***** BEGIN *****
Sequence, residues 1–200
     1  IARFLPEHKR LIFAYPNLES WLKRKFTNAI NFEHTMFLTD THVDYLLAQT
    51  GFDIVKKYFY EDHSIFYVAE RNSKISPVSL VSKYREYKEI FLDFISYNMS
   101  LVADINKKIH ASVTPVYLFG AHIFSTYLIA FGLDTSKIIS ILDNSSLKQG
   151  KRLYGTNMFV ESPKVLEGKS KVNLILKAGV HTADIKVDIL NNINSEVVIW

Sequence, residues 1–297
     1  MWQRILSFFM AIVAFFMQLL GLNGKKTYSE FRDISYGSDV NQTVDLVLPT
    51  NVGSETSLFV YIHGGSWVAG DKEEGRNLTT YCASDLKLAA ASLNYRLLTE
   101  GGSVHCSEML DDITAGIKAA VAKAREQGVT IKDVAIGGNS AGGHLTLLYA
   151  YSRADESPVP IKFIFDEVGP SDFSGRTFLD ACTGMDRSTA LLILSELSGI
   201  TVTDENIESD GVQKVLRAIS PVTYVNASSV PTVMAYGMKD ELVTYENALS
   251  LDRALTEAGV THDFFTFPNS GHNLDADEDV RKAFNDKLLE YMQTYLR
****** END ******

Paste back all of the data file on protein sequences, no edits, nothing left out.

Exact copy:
Sequence, residues 1–200
     1  IARFLPEHKR LIFAYPNLES WLKRKFTNAI NFEHTMFLTD THVDYLLAQT
    51  GFDIVKKYFY EDHSIFYVAE RNSKISPVSL VSKYREYKEI FLDFISYNMS
   101  LVADINKKIH ASVTPVYLFG AHIFSTYLIA FGLDTSKIIS ILDNSSLKQG
   151  KRLYGTNMFV ESPKVLEGKS KVNLILKAGV HTADIKVDIL NNINSEVVIW

Sequence, residues 1–297
     1  MWQRILSFFM AIVAFFMQLL GLNGKKTYSE FRDISYGSDV NQTVDLVLPT
    51  NVGSETSLFV YIHGGSWVAG DKEEGRNLTT YCASDLKLAA ASLNYRLLTE
   101  GGSVHCSEML DDITAGIKAA VAKAREQGVT IKDVAIGGNS AGGHLTLLYA
   151  YSRADESPVP IKFIFDEVGP SDFSGRTFLD ACTGMDRSTA LLILSELSGI
   201  TVTDENIESD GVQKVLRAIS PVTYVNASSV PTVMAYGMKD ELVTYENALS
   251  LDRALTEAGV THDFFTFPNS GHNLDADEDV RKAFNDKLLE YMQTYLR